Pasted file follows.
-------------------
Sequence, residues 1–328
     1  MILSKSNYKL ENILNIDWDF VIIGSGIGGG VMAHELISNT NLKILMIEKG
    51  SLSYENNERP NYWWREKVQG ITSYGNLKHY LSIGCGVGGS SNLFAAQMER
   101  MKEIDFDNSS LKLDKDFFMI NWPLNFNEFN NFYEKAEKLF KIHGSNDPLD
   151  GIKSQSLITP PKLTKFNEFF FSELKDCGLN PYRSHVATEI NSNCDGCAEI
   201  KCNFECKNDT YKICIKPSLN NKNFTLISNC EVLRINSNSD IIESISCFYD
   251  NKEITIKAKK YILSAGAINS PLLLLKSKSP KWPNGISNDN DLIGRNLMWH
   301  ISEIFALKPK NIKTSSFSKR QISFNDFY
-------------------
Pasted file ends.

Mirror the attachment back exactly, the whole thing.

Sequence, residues 1–328
     1  MILSKSNYKL ENILNIDWDF VIIGSGIGGG VMAHELISNT NLKILMIEKG
    51  SLSYENNERP NYWWREKVQG ITSYGNLKHY LSIGCGVGGS SNLFAAQMER
   101  MKEIDFDNSS LKLDKDFFMI NWPLNFNEFN NFYEKAEKLF KIHGSNDPLD
   151  GIKSQSLITP PKLTKFNEFF FSELKDCGLN PYRSHVATEI NSNCDGCAEI
   201  KCNFECKNDT YKICIKPSLN NKNFTLISNC EVLRINSNSD IIESISCFYD
   251  NKEITIKAKK YILSAGAINS PLLLLKSKSP KWPNGISNDN DLIGRNLMWH
   301  ISEIFALKPK NIKTSSFSKR QISFNDFY